The western saddle family has a history that is remarkably similar to the dressage saddle. It too evolved from the Medieval saddles of Western Europe. Its origins lie predominantly in Spain with the doma vaquera saddle of the Spanish vaquero. The vaquero saddle is a working saddle designed to provide comfort and security for the rider who spent long days in the saddle moving cattle and carrying out ranch work. The Medieval origins of this saddle can be seen in the deep seat and high cantle. This saddle was brought to the New World by the Spanish Conquistadores in the 16th century. When cattle ranching took off in North America, it was only natural that the working ranch saddles of the vaqueros would be adapted to suit the needs of the North American cowboy. The biggest change in saddle design was the addition of the saddle horn for roping. The vaqueros do not use a lasso to catch cattle, but instead control them with the garrocha (a spear/ lance). The earliest versions of the western saddle also maintained the deep seated, straight legged position of their Medieval predecessors. While the working/ranch saddle is still a mainstay, western saddles have also become increasingly specialized for specific jobs or rodeo events.
Finally, we have the jumping saddle. Its origins lie in Britain with the hunt, specifically the rise in popularity of fox hunting the late 17th century. Fox hunting involved a lot of riding at speed over varying terrain and obstacles. This was quite different from the Medieval battlefield, the schooling manège and the cattle ranch. Jumping made the high pommel and cantle impractical, and so the English hunting saddle had a much flatter seat. The range of motion required by the hunt horse also necessitated the use of a more flexible saddle tree: hence the development of the iconic English spring tree. Despite these changes in design, hunters continued to ride with a longer stirrup and tended to sit back in the saddle. It was the Italian Federico Caprilli in the early 20th century who revolutionized jumping by getting his students to shorten their stirrups to get up off the horses back while galloping and jumping. This in turn led to the construction of saddles with a more forward cut flap which has resulted in the discipline specific close-contact saddles of today.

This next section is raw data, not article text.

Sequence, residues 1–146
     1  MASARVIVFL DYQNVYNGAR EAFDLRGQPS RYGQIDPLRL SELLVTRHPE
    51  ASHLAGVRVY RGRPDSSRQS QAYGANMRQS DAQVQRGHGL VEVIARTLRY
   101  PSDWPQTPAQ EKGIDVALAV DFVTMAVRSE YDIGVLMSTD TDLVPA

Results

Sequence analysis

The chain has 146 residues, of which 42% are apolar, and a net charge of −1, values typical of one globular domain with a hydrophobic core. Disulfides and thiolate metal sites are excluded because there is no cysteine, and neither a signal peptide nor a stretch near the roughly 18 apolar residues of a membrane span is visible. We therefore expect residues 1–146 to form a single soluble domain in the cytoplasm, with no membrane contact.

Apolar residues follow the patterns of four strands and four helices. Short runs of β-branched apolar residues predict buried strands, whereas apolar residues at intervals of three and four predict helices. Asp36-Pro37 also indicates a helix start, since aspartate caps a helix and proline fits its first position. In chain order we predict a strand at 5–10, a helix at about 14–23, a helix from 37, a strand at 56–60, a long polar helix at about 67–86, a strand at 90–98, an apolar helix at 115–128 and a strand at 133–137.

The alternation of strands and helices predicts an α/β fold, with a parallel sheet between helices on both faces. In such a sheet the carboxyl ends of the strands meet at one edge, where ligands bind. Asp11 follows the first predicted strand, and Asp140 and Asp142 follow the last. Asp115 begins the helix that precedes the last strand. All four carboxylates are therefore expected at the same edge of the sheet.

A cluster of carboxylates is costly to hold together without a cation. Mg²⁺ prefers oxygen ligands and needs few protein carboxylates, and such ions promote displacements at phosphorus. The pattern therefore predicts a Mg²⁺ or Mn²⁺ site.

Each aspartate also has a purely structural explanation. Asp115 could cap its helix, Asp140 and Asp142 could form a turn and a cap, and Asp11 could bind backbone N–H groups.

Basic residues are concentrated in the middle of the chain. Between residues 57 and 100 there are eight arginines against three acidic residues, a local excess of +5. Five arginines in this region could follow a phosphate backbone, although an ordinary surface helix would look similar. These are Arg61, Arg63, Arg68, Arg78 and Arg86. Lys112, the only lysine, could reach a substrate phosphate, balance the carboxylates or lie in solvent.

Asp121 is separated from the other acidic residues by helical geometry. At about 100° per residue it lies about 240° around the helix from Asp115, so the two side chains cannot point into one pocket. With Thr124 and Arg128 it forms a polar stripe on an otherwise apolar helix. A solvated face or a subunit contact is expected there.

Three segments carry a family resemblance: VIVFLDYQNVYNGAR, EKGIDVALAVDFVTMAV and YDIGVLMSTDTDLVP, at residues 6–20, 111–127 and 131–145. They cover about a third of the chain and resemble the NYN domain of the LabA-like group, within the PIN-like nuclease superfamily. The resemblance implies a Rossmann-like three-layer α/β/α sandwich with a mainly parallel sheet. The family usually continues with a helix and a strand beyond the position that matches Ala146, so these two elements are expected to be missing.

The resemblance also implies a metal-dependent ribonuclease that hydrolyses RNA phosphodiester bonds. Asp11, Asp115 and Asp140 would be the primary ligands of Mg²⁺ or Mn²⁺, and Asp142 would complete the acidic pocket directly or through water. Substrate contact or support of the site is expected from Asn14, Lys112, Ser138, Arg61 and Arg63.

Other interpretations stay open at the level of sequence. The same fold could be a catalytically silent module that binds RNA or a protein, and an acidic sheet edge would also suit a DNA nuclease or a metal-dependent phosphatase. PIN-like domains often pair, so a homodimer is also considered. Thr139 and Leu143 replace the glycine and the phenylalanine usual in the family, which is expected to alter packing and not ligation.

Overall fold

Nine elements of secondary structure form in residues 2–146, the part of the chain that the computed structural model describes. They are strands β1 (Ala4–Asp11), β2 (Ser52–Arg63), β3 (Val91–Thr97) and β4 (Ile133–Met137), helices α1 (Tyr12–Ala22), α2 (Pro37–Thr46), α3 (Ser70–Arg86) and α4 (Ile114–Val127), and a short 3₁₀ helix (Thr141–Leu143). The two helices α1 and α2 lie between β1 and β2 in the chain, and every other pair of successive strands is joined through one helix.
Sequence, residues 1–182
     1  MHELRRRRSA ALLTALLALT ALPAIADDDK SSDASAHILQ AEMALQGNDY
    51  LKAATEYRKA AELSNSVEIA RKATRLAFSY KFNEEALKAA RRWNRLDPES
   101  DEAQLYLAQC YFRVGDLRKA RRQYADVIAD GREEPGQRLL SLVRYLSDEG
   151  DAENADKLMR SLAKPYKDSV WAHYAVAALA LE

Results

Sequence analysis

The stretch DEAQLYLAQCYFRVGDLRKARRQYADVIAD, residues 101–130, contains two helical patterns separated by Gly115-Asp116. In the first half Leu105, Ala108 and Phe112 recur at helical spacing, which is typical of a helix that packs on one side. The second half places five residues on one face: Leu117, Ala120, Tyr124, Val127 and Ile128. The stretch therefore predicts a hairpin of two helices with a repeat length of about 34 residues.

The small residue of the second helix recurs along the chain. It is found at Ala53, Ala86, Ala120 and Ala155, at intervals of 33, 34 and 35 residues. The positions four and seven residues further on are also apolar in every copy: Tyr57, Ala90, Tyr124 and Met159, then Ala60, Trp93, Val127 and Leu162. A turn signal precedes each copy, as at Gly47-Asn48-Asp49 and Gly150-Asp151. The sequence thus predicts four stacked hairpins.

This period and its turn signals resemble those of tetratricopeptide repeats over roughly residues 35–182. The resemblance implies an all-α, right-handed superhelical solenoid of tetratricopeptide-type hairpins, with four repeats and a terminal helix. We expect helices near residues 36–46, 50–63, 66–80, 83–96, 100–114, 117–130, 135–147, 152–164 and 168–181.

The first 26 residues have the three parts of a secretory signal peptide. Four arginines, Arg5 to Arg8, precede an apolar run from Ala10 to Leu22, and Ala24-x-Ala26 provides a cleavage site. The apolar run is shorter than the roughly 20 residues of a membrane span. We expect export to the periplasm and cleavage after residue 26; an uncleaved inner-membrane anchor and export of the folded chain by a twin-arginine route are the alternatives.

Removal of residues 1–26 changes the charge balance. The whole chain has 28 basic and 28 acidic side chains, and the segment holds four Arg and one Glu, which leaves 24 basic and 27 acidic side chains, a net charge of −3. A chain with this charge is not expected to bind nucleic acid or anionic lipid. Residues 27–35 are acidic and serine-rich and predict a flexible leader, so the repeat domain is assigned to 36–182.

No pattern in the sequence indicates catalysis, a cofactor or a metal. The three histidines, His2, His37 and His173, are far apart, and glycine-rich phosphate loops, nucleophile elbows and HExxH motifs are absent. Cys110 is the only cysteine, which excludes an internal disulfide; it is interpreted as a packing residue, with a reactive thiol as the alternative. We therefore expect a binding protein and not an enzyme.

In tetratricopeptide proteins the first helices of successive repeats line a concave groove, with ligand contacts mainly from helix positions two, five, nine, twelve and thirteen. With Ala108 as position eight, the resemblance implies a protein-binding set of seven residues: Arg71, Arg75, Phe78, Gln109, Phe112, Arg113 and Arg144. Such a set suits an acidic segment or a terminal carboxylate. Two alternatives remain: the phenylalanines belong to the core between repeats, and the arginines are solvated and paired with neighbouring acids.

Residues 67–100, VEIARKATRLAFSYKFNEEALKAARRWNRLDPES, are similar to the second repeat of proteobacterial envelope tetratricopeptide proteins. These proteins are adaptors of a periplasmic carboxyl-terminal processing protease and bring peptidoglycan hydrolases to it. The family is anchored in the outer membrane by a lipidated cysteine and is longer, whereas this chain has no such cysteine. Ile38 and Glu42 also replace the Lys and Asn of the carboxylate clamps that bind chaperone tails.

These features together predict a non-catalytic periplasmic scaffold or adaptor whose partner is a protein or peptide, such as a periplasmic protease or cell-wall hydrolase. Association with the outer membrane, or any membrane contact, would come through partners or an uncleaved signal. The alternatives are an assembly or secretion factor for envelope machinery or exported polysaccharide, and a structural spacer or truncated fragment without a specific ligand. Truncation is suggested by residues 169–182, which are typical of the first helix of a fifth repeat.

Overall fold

Carolyn Willekes received her PhD in Greek and Roman Studies from the University of Calgary in 2013. She has been a part of the Spruce Meadows School Tours programs since 2009 teaching the ‘Warhorse to Sport Horse’ exhibit and has a book coming out in 2016 titled “The Horse in the Ancient World: From Bucephalus to the Hippodrome.” In her spare time, Carolyn can be found traveling the world to archeological digs sites and competing in the equine sports of hunter & jumper.